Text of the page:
Tuesday, August 30, 2016

To have to bury a child

My thoughts today are with one of my best high school friends, who will bury her youngest child, a 12-year-old son, this morning.

There were 6 of us in this particular nerd herd.  We had pretty much all our classes together for four years, although a couple of us took Spanish instead of French.  In a graduating class of only 69 girls, it wasn't strange to be with the same group of people constantly.

If memory serves, three of us went to the same college in town, two went to the state university, and another went out of state.  Two live out of state and have for years.  The remaining four still live in the same city, although in different areas of town.  All but one have married.  Four have children.

Yesterday, I went to the visitation to pay my respects, to attempt to offer in presence the words that I cannot sufficiently express verbally.  We hugged so, so tightly, in an embrace that makes me hope that my friend knows just how much I ache for her.  I like to think her hug of me suggests how much she appreciated having someone from her younger life be there.

One of the things we discussed, in the brief way you do at wakes, is whether we ever would have dreamed we would 1. be middle-aged mothers with kids and 2. be in a position where one of us would be dealt the greatest of parenting blows.

As teenage girls in our uniforms, traipsing through the halls, we never, ever would have dreamed it.  It doesn't feel real now, and I am not even in the midst of great suffering.
It is difficult for me to try to understand the pain she is experiencing.

I have found myself thinking the thought, "No one should have to bury their child, " and while I do think that, I also know that many, many parents, both now and in ages past, have had to suffer that fate.  For all I know, I may one day suffer that fate.

As much as modern American life has removed us from the commonality of child loss, with surgeries and antibiotics and accessible health care, I have been thinking about the people I know who have watched their children die.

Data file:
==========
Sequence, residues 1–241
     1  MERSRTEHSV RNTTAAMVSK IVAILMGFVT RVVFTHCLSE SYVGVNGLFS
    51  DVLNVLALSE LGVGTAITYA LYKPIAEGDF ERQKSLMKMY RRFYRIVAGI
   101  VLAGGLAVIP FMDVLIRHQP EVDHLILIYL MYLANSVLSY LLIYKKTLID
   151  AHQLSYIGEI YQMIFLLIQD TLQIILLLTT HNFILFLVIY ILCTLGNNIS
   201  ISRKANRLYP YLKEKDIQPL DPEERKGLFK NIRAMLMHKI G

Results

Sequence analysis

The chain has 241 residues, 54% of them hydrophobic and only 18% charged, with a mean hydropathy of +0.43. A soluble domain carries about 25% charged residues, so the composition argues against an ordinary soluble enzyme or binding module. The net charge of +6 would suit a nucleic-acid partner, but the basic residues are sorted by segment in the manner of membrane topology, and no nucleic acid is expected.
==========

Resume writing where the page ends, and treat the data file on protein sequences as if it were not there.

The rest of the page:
Mr. B, whose three-year-old son died from cancer.
EV, whose 4-month-old son died from a virus.
M and T, who endured the loss of two children--both sons--one to stillbirth and another at 9 hours of age as a result of Trisomy 18.
And now SB.

And these are the deaths of children, but even if a person watches an adult child die, that adult child was their child.  The child they birthed and adored and watched grow.  My aunt has lost two children in the past few years---one to suicide and another to cancer.  She is old and tired and has experienced much in her life, but I do not think she will ever get over these losses.

It is a loss that you somehow move on from and yet never move on from, or at least this is how I perceive it.

I am not a prayerful person.  I do not go to God to ask for pain to be removed or a miracle to be performed.  I do not give God all the credit and say "God is good" when things go the way I like,   nor do I say "God sucks" when things do not go my way.  I do not understand God or the ways of life in its great big wideness.

What I do understand and believe in is that powerful interconnectedness of people, which may be the hand of God that we all expect to be bigger and greater and more awe-inspiring.

Maybe God is in the tighness of a hug, when one friend from long ago is holding another friend from long ago and wishing there was something she could do to reduce her friend's sadness, give her comfort, offer her peace, in the face of her worst nightmare.  

1 comment:

Peggy said...

Carrie, you have expressed your thoughts in a very touching way, and you are so right in the things you have said. I have thought about this family a lot since I learned this sad news. Thanks for putting a lot of my thoughts into words.